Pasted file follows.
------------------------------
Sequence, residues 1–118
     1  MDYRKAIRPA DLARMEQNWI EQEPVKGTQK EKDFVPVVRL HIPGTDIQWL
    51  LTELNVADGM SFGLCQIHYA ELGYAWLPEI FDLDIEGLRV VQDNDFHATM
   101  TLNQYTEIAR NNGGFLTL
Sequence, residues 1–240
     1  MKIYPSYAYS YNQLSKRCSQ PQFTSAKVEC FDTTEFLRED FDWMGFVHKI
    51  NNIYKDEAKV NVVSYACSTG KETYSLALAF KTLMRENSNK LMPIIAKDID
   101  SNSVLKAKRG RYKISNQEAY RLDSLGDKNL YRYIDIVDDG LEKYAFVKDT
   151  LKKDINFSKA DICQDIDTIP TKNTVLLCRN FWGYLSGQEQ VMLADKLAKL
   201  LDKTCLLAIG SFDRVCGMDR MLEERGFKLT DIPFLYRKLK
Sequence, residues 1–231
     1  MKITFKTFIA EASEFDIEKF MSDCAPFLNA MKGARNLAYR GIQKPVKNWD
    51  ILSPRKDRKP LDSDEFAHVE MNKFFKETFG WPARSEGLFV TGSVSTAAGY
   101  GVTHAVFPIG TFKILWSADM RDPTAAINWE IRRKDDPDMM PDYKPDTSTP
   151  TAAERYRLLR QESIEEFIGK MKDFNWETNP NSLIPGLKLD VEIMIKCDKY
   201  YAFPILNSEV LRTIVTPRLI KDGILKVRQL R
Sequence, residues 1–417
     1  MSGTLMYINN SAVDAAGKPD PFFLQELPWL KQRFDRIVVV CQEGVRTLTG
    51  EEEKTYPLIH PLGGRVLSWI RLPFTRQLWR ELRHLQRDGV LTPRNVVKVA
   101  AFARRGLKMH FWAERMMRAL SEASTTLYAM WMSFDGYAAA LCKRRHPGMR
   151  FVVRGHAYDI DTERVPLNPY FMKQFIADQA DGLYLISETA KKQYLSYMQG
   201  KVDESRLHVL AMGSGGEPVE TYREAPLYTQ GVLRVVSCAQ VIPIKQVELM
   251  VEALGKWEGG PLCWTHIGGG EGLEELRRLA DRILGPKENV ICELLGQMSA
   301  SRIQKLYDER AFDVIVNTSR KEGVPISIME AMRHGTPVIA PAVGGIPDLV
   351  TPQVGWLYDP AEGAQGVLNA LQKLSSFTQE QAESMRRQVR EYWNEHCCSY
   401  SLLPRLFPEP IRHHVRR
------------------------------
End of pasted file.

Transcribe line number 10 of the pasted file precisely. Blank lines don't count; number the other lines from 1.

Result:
   201  LDKTCLLAIG SFDRVCGMDR MLEERGFKLT DIPFLYRKLK